Flying the flag upside down

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Flying the American flag upside down is a symbol of a nation in distress, and since the war in Iraq began, more and more people have adopted this custom. One of those people is Iowan Terri Jones. Her son, Jason, returned from Iraq with full-blown posttraumatic stress disorder. Among other things, he saw an insurgent execute a child. He did not go to the VA for help because he was worried about being perceived as weak. Jason killed himself just over a year ago, and since that time, Jones has flown the flag upside down.

In March of this year, someone turned Jones’s flag right side up. Jones lives on five acres and has a long driveway, so someone must have been keeping a close eye, she says, and waiting for her to leave so he or she could rearrange the flag. The person who turned it right side up left a note:

I’ve noticed for quite some time now that you fly your American flag upside down. . . . Please don’t disrespect those who have fought and died on our soil preserving your very freedom and mine. . . . Let’s rally behind our troops and if they don’t believe in what they’re doing, let them voice it. Every single person in the armed forces today signed on the dotted line. . . . I know your flag is sending out a message that you might not have though it was sending. So I felt compelled to tell you what I thought.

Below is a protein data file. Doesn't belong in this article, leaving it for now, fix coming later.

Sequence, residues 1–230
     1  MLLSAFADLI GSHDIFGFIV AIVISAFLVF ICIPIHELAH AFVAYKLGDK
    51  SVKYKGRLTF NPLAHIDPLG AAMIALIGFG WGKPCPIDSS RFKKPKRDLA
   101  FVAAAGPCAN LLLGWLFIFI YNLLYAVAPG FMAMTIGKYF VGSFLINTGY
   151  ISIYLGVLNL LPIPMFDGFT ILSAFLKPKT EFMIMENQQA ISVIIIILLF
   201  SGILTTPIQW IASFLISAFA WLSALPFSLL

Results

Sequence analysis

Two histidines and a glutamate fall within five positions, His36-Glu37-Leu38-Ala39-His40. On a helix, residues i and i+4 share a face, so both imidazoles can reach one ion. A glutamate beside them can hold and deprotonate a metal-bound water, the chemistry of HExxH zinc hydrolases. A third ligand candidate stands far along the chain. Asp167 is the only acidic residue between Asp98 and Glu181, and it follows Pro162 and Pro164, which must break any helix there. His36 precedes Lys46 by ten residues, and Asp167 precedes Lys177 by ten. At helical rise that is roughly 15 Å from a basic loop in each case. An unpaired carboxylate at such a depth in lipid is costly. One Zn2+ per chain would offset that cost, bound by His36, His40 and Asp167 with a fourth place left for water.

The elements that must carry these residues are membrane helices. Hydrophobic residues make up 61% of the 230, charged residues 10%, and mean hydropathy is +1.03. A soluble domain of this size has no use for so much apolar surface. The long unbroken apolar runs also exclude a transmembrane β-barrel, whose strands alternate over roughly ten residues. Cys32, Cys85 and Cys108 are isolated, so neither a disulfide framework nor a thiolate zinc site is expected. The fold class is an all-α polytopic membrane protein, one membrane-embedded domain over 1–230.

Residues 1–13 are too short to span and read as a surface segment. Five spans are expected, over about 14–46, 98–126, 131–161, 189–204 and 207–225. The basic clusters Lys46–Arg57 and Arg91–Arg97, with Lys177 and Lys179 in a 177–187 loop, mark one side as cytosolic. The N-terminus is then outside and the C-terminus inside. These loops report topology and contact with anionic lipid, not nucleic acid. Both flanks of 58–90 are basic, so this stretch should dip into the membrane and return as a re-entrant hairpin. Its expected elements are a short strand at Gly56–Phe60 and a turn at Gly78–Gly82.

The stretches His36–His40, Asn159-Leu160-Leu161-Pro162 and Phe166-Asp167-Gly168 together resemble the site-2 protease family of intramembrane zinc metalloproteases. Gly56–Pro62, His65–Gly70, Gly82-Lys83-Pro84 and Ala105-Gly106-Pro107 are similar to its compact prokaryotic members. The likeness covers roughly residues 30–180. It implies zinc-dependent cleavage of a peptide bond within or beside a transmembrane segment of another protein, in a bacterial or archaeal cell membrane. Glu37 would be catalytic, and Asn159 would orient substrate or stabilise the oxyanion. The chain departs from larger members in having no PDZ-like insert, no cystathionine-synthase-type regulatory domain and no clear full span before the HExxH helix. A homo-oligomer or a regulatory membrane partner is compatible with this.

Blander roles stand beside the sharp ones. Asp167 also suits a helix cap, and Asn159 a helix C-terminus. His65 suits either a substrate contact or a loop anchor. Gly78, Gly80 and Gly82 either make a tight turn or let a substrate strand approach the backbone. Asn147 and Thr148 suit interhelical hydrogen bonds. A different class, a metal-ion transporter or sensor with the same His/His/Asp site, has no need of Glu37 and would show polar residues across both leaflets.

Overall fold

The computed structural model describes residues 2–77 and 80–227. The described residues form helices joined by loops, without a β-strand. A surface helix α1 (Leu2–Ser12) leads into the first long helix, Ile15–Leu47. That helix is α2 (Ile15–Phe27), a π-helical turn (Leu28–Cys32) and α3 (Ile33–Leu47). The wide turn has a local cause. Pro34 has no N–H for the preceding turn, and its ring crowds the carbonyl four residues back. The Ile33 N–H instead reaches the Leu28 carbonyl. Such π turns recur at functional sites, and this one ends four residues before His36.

The note was was signed, “An extremely sincere fellow American citizen and proud of it.”

Jones then wrote a letter to the editor of her local newspaper, in which she explained that flying the flag upside down is not a sign of disrespect for the country, but rather, a sign of distress. In the letter, she talked about her son’s PTSD and his suicide.

…our country is in distress for the way it has failed its vets. When you drive by my house and see my flag flying I challenge you to help me turn it right side up. Show me that you are willing to do what it takes to help those that protect our rights and freedoms. And when I see that no soldier has been left behind, then that will be a day of joy for me to fly her right side up.

After Jones’s letter appeared in the newspaper, someone stole her American flag, pole and all. She bought another flag and hung it upside down.

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Clara Jeffery, Editor-in-Chief

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